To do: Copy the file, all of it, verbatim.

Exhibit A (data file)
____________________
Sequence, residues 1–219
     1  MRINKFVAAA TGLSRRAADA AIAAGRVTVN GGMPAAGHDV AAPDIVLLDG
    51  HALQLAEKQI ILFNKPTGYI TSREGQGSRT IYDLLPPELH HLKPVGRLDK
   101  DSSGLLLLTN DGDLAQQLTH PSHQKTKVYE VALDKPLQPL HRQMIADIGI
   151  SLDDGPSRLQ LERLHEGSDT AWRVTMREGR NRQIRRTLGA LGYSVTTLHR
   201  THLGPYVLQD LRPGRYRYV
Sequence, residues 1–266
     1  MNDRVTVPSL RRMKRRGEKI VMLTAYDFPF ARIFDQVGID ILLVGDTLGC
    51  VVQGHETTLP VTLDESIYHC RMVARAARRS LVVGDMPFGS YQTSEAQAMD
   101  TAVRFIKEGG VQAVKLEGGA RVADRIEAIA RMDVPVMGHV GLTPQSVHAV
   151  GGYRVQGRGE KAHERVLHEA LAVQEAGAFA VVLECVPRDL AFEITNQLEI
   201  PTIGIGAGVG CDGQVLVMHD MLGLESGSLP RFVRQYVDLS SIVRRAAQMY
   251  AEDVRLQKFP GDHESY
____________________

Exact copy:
Sequence, residues 1–219
     1  MRINKFVAAA TGLSRRAADA AIAAGRVTVN GGMPAAGHDV AAPDIVLLDG
    51  HALQLAEKQI ILFNKPTGYI TSREGQGSRT IYDLLPPELH HLKPVGRLDK
   101  DSSGLLLLTN DGDLAQQLTH PSHQKTKVYE VALDKPLQPL HRQMIADIGI
   151  SLDDGPSRLQ LERLHEGSDT AWRVTMREGR NRQIRRTLGA LGYSVTTLHR
   201  THLGPYVLQD LRPGRYRYV
Sequence, residues 1–266
     1  MNDRVTVPSL RRMKRRGEKI VMLTAYDFPF ARIFDQVGID ILLVGDTLGC
    51  VVQGHETTLP VTLDESIYHC RMVARAARRS LVVGDMPFGS YQTSEAQAMD
   101  TAVRFIKEGG VQAVKLEGGA RVADRIEAIA RMDVPVMGHV GLTPQSVHAV
   151  GGYRVQGRGE KAHERVLHEA LAVQEAGAFA VVLECVPRDL AFEITNQLEI
   201  PTIGIGAGVG CDGQVLVMHD MLGLESGSLP RFVRQYVDLS SIVRRAAQMY
   251  AEDVRLQKFP GDHESY